A zippy Budd Boetticher Western down in old Mexico
1953, the Western vintage we have been looking at, was, yes, a year of outstanding Western movies, but it also produced a goodly number of (shall we say) second rank pictures. That doesn’t mean they were bad. Wings of the Hawk, released in August, could not compare with Shane four months before but it was still quite fun.
Van Heflin was in both. It also featured the beautiful Julie Adams (she starred in eight straight Westerns 1952/53), as well as the slightly less beautiful Pedro Gonzalez Gonzalez (unforgettable as the henpecked hotelier in Rio Bravo), Rodolfo Acosta and the excellent Noah Beery Jr. Not bad. And, lesser picture or no, it was directed by Budd Boetticher, one of three he did that year (The Man from the Alamo and Seminole being the others – click the links for our reviews).
Universal brought it out in 3D, which was all the rage in ’53, and it was shot by Clifford Stine, who photographed a good many Audie Murphy oaters, which were always visually attractive. However, an article in Variety said that the film was offered in 2D as well after just one month of release because 3D was already on the way out.
There’s Frank Skinner music.
So all in all it was no ultra-low-budget quickie.
It’s the old gringo-in-the-Mexican-revolution plot. This time it’s not Bob Mitchum down there, as it usually was, but Van the Man. He’s ‘Irish’ Gallager, a mine owner in 1911 whose goldmine is seized from him by evil Diazista Colonel (pronounced col-o-nel, obviously) Paco Ruiz, who runs the unnamed northern Mexican province (presumably Chihuahua) with a grip of iron. Shooting women hostages is all in an afternoon’s work for Ruiz. He is played by George Dolenz, an Austro-Hungarian, but then for Hollywood one foreigner is much like another so he’ll do for a Mexican.
It was all shot in California, though, not Mexico, in the Simi Hills and on the back lot at Universal Studios and Corriganville.
Irish falls in with some ‘insurrectors’, as they are always termed (odd word) and of course among them is a glamorous revolucionaria, Raquel (no, not la Welch as in Rio Conchos, but Julie Adams). Naturally Raquel and Irish get it on. The revolutionaries are led by Rodolfo Acosta, who has lost his nerve and is soon usurped by Van. Acosta tries to ally with Ruiz, in revenge. Big mistake.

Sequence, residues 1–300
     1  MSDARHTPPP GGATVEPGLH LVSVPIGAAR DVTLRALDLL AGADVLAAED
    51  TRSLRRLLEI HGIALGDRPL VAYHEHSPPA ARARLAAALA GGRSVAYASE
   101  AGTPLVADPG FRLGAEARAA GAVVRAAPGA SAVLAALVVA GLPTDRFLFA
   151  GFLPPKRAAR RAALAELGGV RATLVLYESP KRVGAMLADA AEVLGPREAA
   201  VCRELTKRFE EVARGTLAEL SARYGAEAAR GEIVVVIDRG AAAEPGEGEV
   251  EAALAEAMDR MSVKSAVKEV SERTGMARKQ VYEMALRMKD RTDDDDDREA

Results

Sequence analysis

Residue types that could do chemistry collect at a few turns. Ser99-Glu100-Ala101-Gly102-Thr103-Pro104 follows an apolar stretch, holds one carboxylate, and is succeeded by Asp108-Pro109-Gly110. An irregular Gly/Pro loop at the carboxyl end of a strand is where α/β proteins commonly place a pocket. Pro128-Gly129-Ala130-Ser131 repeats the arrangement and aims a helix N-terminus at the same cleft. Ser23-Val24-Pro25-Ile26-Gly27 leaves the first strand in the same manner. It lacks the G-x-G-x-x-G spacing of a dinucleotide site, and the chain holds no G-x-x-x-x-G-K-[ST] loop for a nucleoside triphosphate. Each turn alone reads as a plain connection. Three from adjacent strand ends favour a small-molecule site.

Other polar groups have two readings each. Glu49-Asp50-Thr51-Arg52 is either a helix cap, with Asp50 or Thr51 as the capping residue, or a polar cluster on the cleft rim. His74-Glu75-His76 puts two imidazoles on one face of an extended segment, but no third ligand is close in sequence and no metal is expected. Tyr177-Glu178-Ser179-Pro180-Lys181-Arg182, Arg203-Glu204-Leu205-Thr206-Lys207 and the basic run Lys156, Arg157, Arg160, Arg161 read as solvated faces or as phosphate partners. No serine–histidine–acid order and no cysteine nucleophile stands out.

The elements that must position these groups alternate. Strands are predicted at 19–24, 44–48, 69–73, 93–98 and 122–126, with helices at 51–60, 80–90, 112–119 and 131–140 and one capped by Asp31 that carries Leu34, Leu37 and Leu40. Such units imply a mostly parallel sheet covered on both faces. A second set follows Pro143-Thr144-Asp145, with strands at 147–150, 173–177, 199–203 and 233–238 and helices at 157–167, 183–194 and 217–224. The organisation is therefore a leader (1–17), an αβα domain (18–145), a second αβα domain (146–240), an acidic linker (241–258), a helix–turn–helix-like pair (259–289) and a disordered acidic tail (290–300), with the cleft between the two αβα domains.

But best of these Mexicanos is Noah Beery (he’d dropped the Jr in the billing by ’53, fair enough) as Pascual Orozco. It makes a change to have Orozco as a bandido/revolutionary rather than the usual Pancho Villa.
Orozco was, as you probably know, an anti-Diaz Maderista who, however, fell out with Madero and joined Huerta, earning the undying enmity of erstwhile ally Villa. When Huerta fell, he and Orozco campaigned against the new Carranza administration, raising money and men in the USA and settling in El Paso, but Orozco was killed near High Lonesome in the Van Horn Mountains in an obscure incident involving horse stealing. So much for the history.
Noah, in his short part, endows the character of the revolutionary leader with charm and zip. He needs Acosta’s support to capture Juarez and topple Diaz (that part sounds more like Villa but never mind). Beery had played Mexicans before (e.g. The Light of Western Stars) and was rather good at it. In fact he’d started right back in 1934 on Viva Villa! with his Uncle Wallace though his scenes were deleted in modern versions.
Anyway, where were we? Oh yes, Van Heflin. Well, there’s a lot of Boetticheresque action and rushing hither and yon, to the accompaniment of lively music which would have graced a Zorro film, which in some ways Wings of the Hawk resembles.
Excellent as a member of the revolutionary band is Pedro Gonzalez Gonzalez. It was his debut: he had gained national prominence as a contestant on the Groucho Marx TV quiz show You Bet Your Life. He provides the comic relief and is cheerful throughout. His mamma is one of those machine-gunned as a hostage by wicked Ruiz but that only depresses Pedro’s spirits for half a reel or so, then he is back to making music and dancing, I theenk. Yes, I fear that some of the Mexicans are rather stereotypical.
There’s an obligatory worthy priest who aids the revolucionarios, played by Antonio Moreno. Abbe Lane, also in her debut, is Julie Adams’s sister and she’s married to evil Colonel Ruiz, so that complicates things.
It all comes to a head as Van sacrifices his mine to save the Revolution and get the girl. Hope I haven’t given too much away here, amigos.
I never got the title. There are no hawks or wings or anything.
It was another Aaron Rosenberg production, one of three Westerns he did in ’53. He’d done some classy stuff hitherto, Coroner Creek, Winchester ’73, Bend of the River, to name a few.
Howard Thompson in The New York Times was a bit dismissive (as he often was of Westerns), saying that the picture was “nothing to write home about or leave home to see.” He said, “A handful of earnest performances and the picturesque proximity, in three dimensions, of Technicolor exteriors fail to surmount the standard ingredients of Wings of the Hawk, the new Universal-International melodrama at Loew’s State.” He did, though, grudgingly admit that “on a standard, superficial level, Wings of the Hawk, whatever that means, can be deemed at least feasible. The scenery is good, rugged and, apparently Mexican, and fairly abounds in Latin countenances.”
Don’t expect too much from this oater down in old Mehico but if you like the idea of Van Heflin, always solid, in a Budd Boetticher Western, you won’t be disappointed. And the Federales have rather dashing yellow bonnets.
There’s a 3D Blu Ray if you’re into that.